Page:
Franz: a man for three seasons (An article in The Prague Post)
This versatile painter is a composer, professor and animal lover
Vladimír Franz has made a life out of pursuing the unexpected.
At first glance, with his closely cropped hair, burly physique and full-body tattoos covering pretty much every visible spot of flesh, he looks more likely to frequent Prague's gritty herna bars, where lowlifes plunk change into gambling machines, than its finest theaters, concert halls and gallery spaces.
But Franz is not what he seems. His rough, brawny hands are able to coax delicate operettas and overtures onto the page; from his inky, tattooed lips drop references to such venerable names as Flaubert, Stravinsky, Mozart, Moliére and Mahler.
Born in 1959 in Prague, he spent his late teens and early 20s studying law at Charles University. But, even before he graduated in 1982, he'd already found his calling in the arts, privately studying painting, music and composing. In 1981, he co-founded the Kytka Theatre in Prague and held his first premiere there that same year.
Since then, he's composed music for some 116 operas, plays, musicals, films and TV and radio programs, premiering 15 pieces across the country in 2006 alone. He also teaches at Prague's Academy of Performing Arts, and rounds out his busy schedule working as an artist, widely known in the Czech Republic for his painting and sculpture.
"My paintings have the same themes as my music. It's the same energy," he says.
As for his impossible-to-miss tattoos, he prefers to shrug off prying questions, leaving the issue at "I like things that look different." He will say that he got his first tattoo at 16 and was quickly hooked, and that it took him about eight years to complete his full-body coverage.
They're just one of his many creative outlets, "a small garden" he's been tending for decades. Today, Franz is renowned for both his art and his music, but he's torn between being loyal to one or the other. "Painting is easier than music. Without the orchestra, music does not exist," he says.
"But music is a higher art than painting. Music makes more than painting. But the process of painting is more interesting than the making of music."
This winter, the emphasis will be on Franz's painting, with a show of 22 of his recent works on display at the downtown Gallery Art Factory under the title "Nový život," or New Life.
Balancing multiple mediums might be difficult for some, but creativity is never at a premium for Franz.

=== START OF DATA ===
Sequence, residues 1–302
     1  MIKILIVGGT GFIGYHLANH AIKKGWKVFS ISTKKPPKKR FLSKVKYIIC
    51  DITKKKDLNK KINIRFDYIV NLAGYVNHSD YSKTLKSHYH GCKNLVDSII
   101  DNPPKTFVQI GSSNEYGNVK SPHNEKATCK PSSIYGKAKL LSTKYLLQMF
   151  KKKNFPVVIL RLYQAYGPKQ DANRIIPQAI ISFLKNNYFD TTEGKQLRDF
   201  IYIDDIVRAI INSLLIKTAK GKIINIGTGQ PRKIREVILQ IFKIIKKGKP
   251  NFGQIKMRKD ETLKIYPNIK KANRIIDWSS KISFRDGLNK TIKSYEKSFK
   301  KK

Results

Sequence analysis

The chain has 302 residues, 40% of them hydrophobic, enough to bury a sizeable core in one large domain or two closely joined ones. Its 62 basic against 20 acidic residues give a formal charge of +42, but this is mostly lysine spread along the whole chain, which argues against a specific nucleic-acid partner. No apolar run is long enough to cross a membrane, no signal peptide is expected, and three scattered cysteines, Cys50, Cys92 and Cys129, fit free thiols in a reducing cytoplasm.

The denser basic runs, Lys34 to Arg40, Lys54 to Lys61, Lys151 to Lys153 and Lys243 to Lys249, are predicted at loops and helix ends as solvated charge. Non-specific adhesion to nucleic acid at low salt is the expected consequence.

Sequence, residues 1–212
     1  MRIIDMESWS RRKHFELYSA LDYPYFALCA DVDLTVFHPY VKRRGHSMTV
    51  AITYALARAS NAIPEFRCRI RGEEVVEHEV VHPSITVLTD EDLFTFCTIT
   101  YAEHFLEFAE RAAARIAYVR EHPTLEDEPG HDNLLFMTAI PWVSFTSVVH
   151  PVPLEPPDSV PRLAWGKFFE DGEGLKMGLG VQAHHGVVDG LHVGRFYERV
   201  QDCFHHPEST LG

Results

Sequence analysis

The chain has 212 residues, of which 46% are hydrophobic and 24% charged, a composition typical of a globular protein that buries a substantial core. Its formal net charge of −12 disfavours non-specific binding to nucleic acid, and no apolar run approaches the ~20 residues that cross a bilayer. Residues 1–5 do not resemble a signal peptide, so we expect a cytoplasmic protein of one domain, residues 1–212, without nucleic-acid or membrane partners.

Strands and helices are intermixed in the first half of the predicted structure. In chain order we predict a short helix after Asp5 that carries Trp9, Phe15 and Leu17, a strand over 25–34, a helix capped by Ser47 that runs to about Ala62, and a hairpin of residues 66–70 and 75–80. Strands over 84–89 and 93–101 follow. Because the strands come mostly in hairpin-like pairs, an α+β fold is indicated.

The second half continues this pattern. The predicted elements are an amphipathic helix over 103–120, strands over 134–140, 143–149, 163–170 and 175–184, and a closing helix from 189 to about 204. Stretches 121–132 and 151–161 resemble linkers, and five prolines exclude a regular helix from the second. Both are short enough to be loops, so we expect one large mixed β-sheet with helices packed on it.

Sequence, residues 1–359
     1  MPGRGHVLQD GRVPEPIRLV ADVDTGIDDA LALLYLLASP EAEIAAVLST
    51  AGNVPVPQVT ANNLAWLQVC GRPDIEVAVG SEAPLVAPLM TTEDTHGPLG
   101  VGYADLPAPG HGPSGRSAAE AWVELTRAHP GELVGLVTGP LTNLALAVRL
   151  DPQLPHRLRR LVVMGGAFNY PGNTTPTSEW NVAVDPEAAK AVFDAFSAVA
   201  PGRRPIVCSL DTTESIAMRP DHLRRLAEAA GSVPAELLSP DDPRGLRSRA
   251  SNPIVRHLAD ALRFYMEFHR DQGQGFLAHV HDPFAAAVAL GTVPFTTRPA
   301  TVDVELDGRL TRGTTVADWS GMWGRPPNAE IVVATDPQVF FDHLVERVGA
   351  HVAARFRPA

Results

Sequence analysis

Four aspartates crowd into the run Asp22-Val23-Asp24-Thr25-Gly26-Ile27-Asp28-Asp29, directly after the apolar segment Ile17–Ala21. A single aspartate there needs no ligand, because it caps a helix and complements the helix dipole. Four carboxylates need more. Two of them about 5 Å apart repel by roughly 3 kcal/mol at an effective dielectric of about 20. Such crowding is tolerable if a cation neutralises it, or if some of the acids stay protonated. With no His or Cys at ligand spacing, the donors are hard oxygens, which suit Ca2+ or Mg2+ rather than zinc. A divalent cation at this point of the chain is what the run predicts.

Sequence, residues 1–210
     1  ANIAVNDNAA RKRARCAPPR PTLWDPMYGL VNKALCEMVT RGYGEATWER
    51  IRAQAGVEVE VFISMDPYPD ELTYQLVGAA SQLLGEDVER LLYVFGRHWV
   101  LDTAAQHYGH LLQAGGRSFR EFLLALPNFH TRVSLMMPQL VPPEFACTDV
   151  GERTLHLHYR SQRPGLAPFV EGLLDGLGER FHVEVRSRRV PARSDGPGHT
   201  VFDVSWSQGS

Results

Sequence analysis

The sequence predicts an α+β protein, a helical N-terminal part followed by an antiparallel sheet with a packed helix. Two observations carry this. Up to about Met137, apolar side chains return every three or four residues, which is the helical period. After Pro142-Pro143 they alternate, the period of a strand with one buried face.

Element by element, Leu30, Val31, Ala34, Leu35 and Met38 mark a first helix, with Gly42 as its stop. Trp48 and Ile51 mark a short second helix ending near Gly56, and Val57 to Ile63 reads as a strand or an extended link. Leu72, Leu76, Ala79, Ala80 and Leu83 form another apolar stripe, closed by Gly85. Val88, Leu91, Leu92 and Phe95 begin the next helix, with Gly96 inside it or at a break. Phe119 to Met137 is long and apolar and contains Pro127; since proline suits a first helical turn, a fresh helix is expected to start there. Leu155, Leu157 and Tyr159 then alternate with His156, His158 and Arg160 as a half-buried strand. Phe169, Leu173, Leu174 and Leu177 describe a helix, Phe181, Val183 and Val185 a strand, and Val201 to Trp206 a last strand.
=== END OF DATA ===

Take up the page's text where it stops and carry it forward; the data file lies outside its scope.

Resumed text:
In September, he had 15 metric tons (16.5 short tons) of sand trucked onto Wenceslas Square for his piece "The Republic Celebrates its Birthday," a sculpture-cum-performance piece that served as the finale for the annual Sculpture Grande art festival, also organized by Gallery Art Factory. For the piece, Franz spent five days building a massive sand castle, then commissioned a modern dance troupe to flit into the structure and destroy it to the accompaniment of an original Franz score.
Yet, despite his modern take on the arts, Franz feels closer to nature and tradition than to the modern world.
"For me, the city or town is nothing," he says. "I need nature. I like tradition."
In recent years, the landscape surrounding his Šumava-area studio, where he moved his headquarters five years ago, has been a major influence on both his art and music. The area is home to a number of Czech Army training grounds, and the stark contrast between unspoiled nature and military munitions has been a strong inspiration: "It is necessary for me to reflect on this countryside."
His closeness to the earth is such that his work cycles are dictated by the seasons of the year.
"In April, May, June, everything is growing; it's a very good time for painting," he says "[But] September is the best time for painting. Everything is in balance then. I don't like winter. It's too dark." During those dreary winter months, he heads to the warmer climes of the Canary Islands, where he does much of his composing.
Franz describes the mood of "Nový život" as one of "self-irony," and cites influences as diverse as graffiti art, comic books, Disney films ("Mickey Mouse is a symbol of the destruction of nature"), Baroque music, Catholicism and religious art, history and his beloved 7-year-old dog Ondřej, a mixed-breed Jack Russell look-alike who appears frequently in his paintings.
Like his owner, Ondřej is a connoisseur of music, and is a big Wagner fan, Franz says, recalling with a proud, fatherly chuckle the time the young pup first heard "Ride of the Valkyries." The film Apocalypse Now was on television, and, when the well-known Wagner piece on its soundtrack began to play, Ondřej woke from his deep slumber and began to howl at the TV set.
Franz clearly has a soft spot for animals, which appear in various forms throughout his works at the Gallery Art Factory, be they in the form of giant ants crawling toward the Virgin Mary, or of roadkill in his four-part Nocturna series. He's clearly still a little traumatized by the event that inspired this series, the night when he hit two dogs with his car while driving on a dark wintry road.
"Having contact with humans is very unpleasant for animals, I think," he says.
There's no small dose of cynicism in his voice, and in his paintings too, but it's tinged with a wry humor rather than bitterness. He remains determined to find the beauty in the world.